Unfortunately our Eighth Anniversary Sale did not generate the results we had hoped for. Even prolonging the sale for the whole month of August was equally disappointing. We could not attract sufficient clientele to keep us in business.

Specialty bookstores always complain about the chains and Amazon, but their former customers have other ideas about their lack of success — often it’s something else. Not that I know anything about these guys: when I was in Ottawa I always sort of enjoyed the store — though I found the customer service a little too hands-on — and will be sad to see it gone. Sometimes they had books that were otherwise hard to find, even online, and browsing the physical books is something that Amazon can’t replace. (But they’d never heard of Lucius Shepard or Howard Waldrop!)

Still, out here in the sticks, choosing Amazon over a 1½-hour drive and trying to find parking in the Glebe is kind of a no-brainer, regardless of the 30 per cent discounts.

New project: Ankylose This!

You may well ask what I’m up to when I’m not declaring war on half my family and friends. You may wonder what my follow-up to DFL will be. Wonder no more. Announcing Ankylose This! — a group blog about living with ankylosing spondylitis.

Like DFL, it’s a Blogger-based blog (oh boy) that makes use of a furnished template rather than one of my own questionable designs. (This makes for quicker launches, less procrastination, and a focus on writing — which is what I’m good at — rather than design.) Unlike DFL, it’s a group blog: I’m hoping that other AS-afflicted bloggers will contribute.

I don’t think there’s anything else like this (though I’d love to be proven wrong). Certainly not for ankylosing spondylitis: most sites are community support groups rather than blogs. No idea how this will turn out, but it could turn out very well indeed.

Reptile show results

Another reptile show gone, another three snakes sold — a wandering garter, a red-sided garter, and a newborn corn snake with a kink in his spine that nonetheless was eating well. Sales about what I’d expected, though I’d hoped for more.

I’d raised the prices on the garter snakes a touch to reflect their age and size and no one complained — the people who really want garter snakes will pay a reasonable price; those that complain if I charge more than $20 wouldn’t have paid a lower price anyway.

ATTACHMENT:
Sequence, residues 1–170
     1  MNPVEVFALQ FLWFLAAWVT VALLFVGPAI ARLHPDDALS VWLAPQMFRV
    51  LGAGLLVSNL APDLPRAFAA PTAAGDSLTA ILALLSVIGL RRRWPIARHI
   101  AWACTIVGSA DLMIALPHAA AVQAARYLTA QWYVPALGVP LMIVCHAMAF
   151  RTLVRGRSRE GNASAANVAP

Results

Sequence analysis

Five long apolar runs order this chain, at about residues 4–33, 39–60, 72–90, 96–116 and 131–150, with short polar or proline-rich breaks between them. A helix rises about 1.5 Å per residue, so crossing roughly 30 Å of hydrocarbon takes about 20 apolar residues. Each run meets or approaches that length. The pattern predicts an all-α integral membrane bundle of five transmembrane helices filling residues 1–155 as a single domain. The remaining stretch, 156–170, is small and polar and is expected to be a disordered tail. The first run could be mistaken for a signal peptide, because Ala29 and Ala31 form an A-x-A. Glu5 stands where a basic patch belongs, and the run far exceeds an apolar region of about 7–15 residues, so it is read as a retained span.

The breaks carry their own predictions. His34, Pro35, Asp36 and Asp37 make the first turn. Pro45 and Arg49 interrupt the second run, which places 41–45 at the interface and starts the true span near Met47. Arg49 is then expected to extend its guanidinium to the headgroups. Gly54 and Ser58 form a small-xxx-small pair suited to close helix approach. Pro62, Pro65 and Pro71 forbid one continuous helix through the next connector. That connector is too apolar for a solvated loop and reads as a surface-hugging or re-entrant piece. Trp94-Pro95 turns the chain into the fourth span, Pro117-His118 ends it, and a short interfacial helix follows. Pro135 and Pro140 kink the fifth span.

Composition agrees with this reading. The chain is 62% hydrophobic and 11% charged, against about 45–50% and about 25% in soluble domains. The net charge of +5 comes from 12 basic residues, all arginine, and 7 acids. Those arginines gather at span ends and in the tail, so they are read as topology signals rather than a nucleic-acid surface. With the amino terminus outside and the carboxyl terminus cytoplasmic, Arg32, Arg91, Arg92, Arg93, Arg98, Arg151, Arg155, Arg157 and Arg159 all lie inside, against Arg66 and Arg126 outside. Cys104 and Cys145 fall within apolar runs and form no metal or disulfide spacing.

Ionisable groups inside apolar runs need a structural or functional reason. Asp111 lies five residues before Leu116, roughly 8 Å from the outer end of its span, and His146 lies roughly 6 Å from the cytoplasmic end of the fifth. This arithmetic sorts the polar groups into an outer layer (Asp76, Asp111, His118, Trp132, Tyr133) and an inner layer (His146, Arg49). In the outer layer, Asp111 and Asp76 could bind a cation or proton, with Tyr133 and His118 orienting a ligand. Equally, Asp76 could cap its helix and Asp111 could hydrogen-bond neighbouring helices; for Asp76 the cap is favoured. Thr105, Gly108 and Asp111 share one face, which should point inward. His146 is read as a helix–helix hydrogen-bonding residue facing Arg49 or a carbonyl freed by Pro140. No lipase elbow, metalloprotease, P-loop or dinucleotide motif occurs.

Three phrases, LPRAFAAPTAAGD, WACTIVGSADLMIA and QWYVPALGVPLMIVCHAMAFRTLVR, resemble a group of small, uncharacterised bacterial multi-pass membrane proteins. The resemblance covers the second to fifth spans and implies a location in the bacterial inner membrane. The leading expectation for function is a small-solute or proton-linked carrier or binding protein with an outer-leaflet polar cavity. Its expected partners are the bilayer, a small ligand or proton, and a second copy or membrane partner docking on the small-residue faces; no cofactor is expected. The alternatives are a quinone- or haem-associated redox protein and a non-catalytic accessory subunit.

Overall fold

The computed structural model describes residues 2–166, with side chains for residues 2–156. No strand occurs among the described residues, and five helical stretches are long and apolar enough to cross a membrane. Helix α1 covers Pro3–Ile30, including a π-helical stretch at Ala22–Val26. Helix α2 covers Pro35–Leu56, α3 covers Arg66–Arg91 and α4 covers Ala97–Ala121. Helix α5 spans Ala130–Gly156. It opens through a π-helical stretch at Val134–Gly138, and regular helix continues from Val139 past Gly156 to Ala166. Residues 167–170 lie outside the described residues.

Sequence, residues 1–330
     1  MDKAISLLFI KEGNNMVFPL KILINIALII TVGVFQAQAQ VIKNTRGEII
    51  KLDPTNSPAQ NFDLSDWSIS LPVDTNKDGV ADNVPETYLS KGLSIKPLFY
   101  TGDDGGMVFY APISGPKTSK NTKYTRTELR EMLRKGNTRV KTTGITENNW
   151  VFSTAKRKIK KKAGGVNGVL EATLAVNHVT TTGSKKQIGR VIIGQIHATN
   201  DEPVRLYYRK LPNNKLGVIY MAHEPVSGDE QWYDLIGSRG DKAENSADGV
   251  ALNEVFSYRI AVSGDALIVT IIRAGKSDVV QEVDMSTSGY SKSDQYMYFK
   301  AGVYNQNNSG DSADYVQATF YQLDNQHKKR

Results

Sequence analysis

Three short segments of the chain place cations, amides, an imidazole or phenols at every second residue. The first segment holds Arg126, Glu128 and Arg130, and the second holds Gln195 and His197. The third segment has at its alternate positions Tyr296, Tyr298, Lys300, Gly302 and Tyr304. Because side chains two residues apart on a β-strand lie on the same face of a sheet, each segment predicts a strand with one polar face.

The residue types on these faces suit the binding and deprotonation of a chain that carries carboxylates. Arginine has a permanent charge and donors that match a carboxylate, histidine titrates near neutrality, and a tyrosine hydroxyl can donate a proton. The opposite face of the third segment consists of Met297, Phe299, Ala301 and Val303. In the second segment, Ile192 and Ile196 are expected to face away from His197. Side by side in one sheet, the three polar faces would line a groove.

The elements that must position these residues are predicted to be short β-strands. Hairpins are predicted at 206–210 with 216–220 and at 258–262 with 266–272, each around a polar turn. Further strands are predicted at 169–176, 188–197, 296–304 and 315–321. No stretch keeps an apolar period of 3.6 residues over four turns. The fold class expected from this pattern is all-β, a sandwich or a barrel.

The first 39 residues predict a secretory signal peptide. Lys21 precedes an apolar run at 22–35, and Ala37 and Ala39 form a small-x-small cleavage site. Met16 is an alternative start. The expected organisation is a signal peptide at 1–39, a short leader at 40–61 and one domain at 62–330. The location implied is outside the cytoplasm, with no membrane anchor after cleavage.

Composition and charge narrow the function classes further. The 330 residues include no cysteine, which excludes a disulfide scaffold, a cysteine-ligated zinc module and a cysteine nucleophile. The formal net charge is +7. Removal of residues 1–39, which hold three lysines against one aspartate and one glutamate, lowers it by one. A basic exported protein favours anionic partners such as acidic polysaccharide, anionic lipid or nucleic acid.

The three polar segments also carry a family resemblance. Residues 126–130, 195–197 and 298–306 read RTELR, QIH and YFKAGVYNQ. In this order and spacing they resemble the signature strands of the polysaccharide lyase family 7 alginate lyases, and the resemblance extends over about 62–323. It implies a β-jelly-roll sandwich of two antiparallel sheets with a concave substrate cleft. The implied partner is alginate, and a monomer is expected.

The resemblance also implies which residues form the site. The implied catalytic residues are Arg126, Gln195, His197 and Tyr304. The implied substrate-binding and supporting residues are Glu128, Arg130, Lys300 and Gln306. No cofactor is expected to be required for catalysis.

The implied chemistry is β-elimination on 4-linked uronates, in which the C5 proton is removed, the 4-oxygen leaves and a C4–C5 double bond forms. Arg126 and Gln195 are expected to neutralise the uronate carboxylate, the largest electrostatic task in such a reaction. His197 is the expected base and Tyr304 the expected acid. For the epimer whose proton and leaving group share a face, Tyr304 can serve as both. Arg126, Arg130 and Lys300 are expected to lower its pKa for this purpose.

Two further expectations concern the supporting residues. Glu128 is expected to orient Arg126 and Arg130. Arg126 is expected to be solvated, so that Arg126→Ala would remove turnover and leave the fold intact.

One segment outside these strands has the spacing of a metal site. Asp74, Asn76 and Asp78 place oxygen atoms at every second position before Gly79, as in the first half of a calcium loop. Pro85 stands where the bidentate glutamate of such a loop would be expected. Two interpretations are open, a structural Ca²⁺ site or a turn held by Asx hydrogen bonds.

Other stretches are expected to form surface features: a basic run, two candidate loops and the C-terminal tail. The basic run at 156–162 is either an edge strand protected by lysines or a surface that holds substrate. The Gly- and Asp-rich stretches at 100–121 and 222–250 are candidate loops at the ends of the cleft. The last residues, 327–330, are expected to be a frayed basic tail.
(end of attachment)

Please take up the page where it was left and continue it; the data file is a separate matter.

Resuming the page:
We came back with three snakes, so we’re dead even in terms of mouths to feed: a new baby blue-striped garter snake; a yearling (albeit small for its age) female Baird’s rat snake, so we can pair up my male; and, from Stewart, a new Okeetee corn snake, because Jen likes them a lot.

That Yonge Street myth

Kudos to James for bringing to our attention that this thing about Yonge Street being the longest street in the world is a crock of shit. Yonge Street ends at the Holland Marsh and is only 56 km long; calling Highway 11 (as Yonge Street then was) Yonge Street and tacking on another 1,840 km is just as valid as adding about 2,200 km to Winnipeg’s Portage Avenue by extending it (as Highway 1) to Horseshoe Bay, British Columbia.

Will Alberta go Green?

Imagine the following intriguing scenario: the Green Party defeats the Conservatives to become the government in Alberta.

Farfetched? For the next election or two, yes, but not necessarily beyond that. Just ask Preston Manning. In a piece in today’s Globe and Mail (registration may be required), he argues that, based on past history, the next party to govern Alberta will not be one of the two current opposition parties:

No provincial government has ever been replaced by its traditional opposition. When Albertans change governments, the party in power has always (thus far) been replaced by a new group with a big, new idea.

The Liberals, replaced by the UFA, replaced by Social Credit, replaced by the Progressive Conservatives. There’s 99 years of Alberta political history in a nutshell — and in each case, the new government came out of nowhere.